Believe it or not, Jay-Z traveling to London as a 20-year-old saved his career. There's no doubt that Jay-Z sits amongst the Mount Rushmore of rappers. The New York MC's storied career took off in the '90s under the umbrella of Roc-A-Fella Records. Holding a career spanning over two decades, Jay-Z has released iconic records such as The Blueprint and The Black Album. Earning over 20 Grammys and selling over 100 million albums, he polished the classic New York style by following in the footsteps of Biggie. However, he's arguably best known for pioneering the entrepreneurship side of rap. Ironically, being rejected by numerous record labels throughout his career would catapult the once-drug dealer into a career that has seen him run successful companies in the alcoholic and athletic industries.
However, Jay-Z's career nearly came to an unfortunate end before it even started. In 1989, the then 20-year-old was looking for an outlet from the drugs, shootouts, and poverty he was surrounded by. Shawn Carter and Jonathan Burks met as kids in the Marcy Projects. Quickly bonding over the love of rhyming, the two spent years pushing each other's lyrical vocabularies. However, Jonathan "Jaz-O" Burks had the first career breakthrough. At the time, Jay-Z was parking next to hot dog stands on the streets and selling CDs of his records.
Jaz-O Took Jay-Z Under His Wing
Although Jaz-O was the first to see concrete success, he still took Jay-Z under his wing as his career took off. The two traveled to London to record Jaz-O's new album. Jaz-O had recently signed a record deal with EMI, which obligated him to work in London. The two would be there for nearly a year. Jay wrote in Decoded, "Up until that (London trip), my life could be mapped with a triangle: Brooklyn, Washington Heights, Trenton. It didn't work out because, for these guys, it wasn't about the music."
While the record deal wouldn't pan out for the two, traveling to London was yet another valuable experience for Jay-Z. He returned to the streets of New York with a new network of connections and a more expansive perspective on the potential for his career to go beyond where he'd grown up. However, it would be another six years before he gave up on signing a deal and created his own record label, Roc-A-Fella Records. He would release his debut classic album, Reasonable Doubt, under the label. The once-drug dealer would never look back, as the certified platinum record kickstarted a storied rap career.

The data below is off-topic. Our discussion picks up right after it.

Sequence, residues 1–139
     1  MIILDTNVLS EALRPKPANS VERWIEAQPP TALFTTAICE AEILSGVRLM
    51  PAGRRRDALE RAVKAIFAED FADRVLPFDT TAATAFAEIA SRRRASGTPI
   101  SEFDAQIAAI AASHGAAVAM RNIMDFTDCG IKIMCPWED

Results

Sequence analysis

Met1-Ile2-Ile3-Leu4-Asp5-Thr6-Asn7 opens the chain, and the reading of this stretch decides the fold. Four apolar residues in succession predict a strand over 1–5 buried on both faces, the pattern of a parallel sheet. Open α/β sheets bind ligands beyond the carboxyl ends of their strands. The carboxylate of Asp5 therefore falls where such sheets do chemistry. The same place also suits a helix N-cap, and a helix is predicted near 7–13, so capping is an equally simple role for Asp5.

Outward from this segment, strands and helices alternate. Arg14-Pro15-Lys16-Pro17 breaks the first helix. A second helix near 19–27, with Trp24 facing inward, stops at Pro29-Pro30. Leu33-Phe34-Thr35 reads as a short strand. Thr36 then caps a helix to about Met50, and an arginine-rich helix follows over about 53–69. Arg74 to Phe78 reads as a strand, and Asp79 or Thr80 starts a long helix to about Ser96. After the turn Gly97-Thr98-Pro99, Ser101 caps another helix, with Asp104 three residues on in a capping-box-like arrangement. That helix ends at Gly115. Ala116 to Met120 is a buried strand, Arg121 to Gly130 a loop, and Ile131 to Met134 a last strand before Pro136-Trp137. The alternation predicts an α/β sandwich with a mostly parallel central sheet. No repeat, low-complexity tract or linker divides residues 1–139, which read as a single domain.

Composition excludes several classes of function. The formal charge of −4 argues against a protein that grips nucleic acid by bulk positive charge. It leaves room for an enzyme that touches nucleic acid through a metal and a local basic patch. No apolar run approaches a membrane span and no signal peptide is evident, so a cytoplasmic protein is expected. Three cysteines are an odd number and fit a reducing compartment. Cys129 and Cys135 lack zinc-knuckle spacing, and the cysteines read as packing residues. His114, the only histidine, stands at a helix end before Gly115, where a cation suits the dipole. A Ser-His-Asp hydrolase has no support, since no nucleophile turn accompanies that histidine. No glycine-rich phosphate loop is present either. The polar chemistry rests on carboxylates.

Going To London Saved His Career
By making the trip to London, Jay-Z nearly avoided a federal raid. "During that time, there was a secret indictment that swept up and grabbed 30 of my friends. Everyone got locked up and went to jail. One of my closest friends, he went to jail for 11 years - the guy I was with every day." This federal raid was because Jay-Z and his friends were labeled as a concrete network of drug dealers. Carter's drug dealing days started at 13 years old. Selling in the back alleys of the Marcy projects, the burgeoning reason was to escape from his impoverished lifestyle. On the Oprah Winfrey Show, he admitted, "You become addicted to the feeling, the uncertainly and adrenaline and danger of that lifestyle."
Jay-Z's eventual success caused strife between himself and his once mentor, Jaz-O. By 2002, Jaz had become fed up with the lack of attention he was receiving from Jay-Z as his career began to slow down. When Jay-Z solely contributed one verse to Jaz's new album, he felt like his hospitality to been taken advantage of. In an interview with MTV in 2022, Jaz said "Everything that I did for him as far as his career, I did all of those things to be an agreeable person. The feeling just wasn't reciprocated in the way that I understood it." Fortunately, the two would eventually reconcile, performing together in 2017 at Jay-Z's 4:44 concert.
Jay-Z Permanently Changed Hip-Hop
Imagining the landscape of hip-hop without Jay-Z is anything but an easy task. Jay-Z was the definition of living what he spoke, setting the bar for other rappers from a lyrical perspective. Even more importantly, he established the idea for hip-hop artists to venture beyond music. Without his legacy, the likes of Diddy and Kanye West may have never spearheaded their diverse set of business ventures.
The story is a stark reminder of other potential talents we've lost due to similar circumstances. In 4:44's "Legacy," Jay-Z states, "We gon' start a society within a society." That's exactly what he's done. Acting as a beacon for Black independence, it's a relief that his career didn't come to a premature end back in 1989.